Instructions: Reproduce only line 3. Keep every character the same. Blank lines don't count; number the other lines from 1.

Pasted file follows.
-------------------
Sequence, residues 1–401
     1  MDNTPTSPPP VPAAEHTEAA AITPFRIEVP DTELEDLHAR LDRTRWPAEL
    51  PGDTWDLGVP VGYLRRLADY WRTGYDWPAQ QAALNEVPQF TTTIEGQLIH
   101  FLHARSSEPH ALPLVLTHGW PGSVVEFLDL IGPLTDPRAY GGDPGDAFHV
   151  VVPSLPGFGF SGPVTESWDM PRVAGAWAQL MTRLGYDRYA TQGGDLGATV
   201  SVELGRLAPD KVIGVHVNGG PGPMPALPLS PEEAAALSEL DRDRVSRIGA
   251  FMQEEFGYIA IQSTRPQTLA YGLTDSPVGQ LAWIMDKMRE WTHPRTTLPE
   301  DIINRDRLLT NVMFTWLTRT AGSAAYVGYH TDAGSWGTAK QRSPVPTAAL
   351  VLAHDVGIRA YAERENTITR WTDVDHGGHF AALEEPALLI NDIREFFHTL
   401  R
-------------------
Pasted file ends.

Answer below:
    51  PGDTWDLGVP VGYLRRLADY WRTGYDWPAQ QAALNEVPQF TTTIEGQLIH